Fox attempted to give Predator the soft-reboot treatment and failed miserably. Shane Black’s reinterpretation of the iconic movie monster received a frosty reception from critics and a shrug of indifference from audiences. The film opened with a feeble $24 million and dropped like a rock in the weeks that followed. It’s the second flop in a row for Black, whose previous film The Nice Guys was criminally overlooked back in 2016.

The Predator

Bad Times at the El Royale

Estimated break-even point: $80 million
Worldwide gross: $31 million

Despite having an A-list cast, the mystery thriller from writer-director Drew Goddard couldn’t find an audience when it hit cinemas in October. It’s another big miss for star Chris Hemsworth who has routinely failed to draw in movie-goers when he isn’t playing the God of Thunder. Although Goddard encouraged people to know as little as possible about the film before watching, it appears he and the studio may have played things a bit too close to the vest. Bad Times at the El Royale struggled to about $30 million worldwide, less than half of Goddard’s previous directorial effort: The Cabin in the Woods.

Bad Times

First Man

Estimated break-even point: $140 million
Worldwide gross: $100 million

Damien Chazelle’s latest offering received some warm praise from critics, but unfortunately that didn’t translate to ticket sales (or awards nominations). It’s yet another stumble for Ryan Gosling, an actor whose hits can be counted far quicker than his misses. If the film can wrangle a handful of Oscar nominations that could be a much-needed boost, but it seems as if it has largely fallen out of consideration.

First Man

The Nutcracker and the Four Realms

Estimated break-even point: $260 million
Worldwide gross: $161 million

Arguably, releasing a festive movie at the beginning of November isn’t exactly sensible scheduling, but the flood of bad reviews for The Nutcracker suggest that was the least of its problems. The film cost $120 million to make, but scraped together an underwhelming $20 million on its stateside opening weekend. The film fared better overseas, but still fell well short of expectations.



Estimated break-even point: $90 million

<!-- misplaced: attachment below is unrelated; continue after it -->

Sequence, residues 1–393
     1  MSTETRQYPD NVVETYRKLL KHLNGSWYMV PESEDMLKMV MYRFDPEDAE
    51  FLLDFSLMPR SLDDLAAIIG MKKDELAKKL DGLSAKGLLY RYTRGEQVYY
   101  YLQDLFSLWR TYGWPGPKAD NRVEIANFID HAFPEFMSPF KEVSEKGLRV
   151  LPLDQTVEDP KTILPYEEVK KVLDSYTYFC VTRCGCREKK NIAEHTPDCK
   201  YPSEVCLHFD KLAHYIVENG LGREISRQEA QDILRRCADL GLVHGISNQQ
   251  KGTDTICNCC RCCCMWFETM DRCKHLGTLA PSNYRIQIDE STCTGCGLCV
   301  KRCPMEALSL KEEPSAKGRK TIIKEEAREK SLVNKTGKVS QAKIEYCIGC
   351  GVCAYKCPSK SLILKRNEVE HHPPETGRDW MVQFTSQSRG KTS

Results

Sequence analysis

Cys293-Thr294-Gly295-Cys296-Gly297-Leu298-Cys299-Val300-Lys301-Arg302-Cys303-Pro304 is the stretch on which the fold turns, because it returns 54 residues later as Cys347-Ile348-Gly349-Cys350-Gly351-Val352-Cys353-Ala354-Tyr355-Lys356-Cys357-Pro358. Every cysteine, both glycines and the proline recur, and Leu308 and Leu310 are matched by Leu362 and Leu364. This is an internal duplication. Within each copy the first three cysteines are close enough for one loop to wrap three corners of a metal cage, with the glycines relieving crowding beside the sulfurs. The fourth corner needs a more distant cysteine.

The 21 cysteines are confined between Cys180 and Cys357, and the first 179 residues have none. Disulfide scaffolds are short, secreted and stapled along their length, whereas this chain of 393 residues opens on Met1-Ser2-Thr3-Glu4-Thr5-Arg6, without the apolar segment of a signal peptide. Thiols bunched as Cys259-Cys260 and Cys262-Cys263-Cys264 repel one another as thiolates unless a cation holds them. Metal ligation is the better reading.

Worldwide gross: $41 million

It was a bad year for producer J.J. Abrams, beginning with the critical mauling of The Cloverfield Paradox in February and ending with the box office woes of Overlord in November. The science-fiction period piece couldn’t make a dent on the winter box office, bringing in just $20 million in North America across its six-week theatrical run. It’s the lowest-grossing wide release ever to come from Abrams’ Bad Robot production company.


The Girl in the Spider’s Web

Estimated break-even point: $90 million
Worldwide gross: $34 million

The second attempt at an English-language adaptation of the popular Swedish crime series failed to match the gross of 2011’s The Girl with the Dragon Tattoo. This sequel/soft-reboot had a much cheaper price tag, but lacked the prestige names of its precursor. After the one-two punch of Steven Soderbergh flop Unsane and Girl in the Spider’s Web, Claire Foy’s career on the big screen can be considered a complete non-starter.


Robin Hood

Estimated break-even point: $220 million
Worldwide gross: $73 million

Hollywood’s latest attempt at modernising the Robin Hood legend was yet another abysmal failure. This latest interpretation cost $100 million, half the budget of the 2010 film starring Russell Crowe, but fared much worse at the box office. The film couldn’t even crack double digits on its opening weekend, bringing in a mere $9 million and settling for a spot at number seven. It’s a tough blow for Taron Egerton whose career was already suffering after Eddie the Eagle flopped and Kingsman: The Golden Circle underperformed. He takes the lead role in next year’s Elton John biopic Rocketman which needs to be a hit lest his film career go on life support.

Robin Hood.png

Mortal Engines

Estimated break-even point: $250 million
Worldwide gross: $45 million (still in cinemas)

At the time of writing, Mortal Engines has only been out for a week-and-a-half, but industry experts have already declared it dead. The $100 million adaptation was produced by Peter Jackson and the marketing attempted to sell it as this generation’s Lord of the Rings. Needless to say, few people were convinced. The fact that the film lacks any major star power and was riddled with negative reviews upon release only made matters worse. Universal is expecting to lose upwards of $100 million on the picture.

Mortal Engines

One response to “The Biggest Box Office Flops of 2018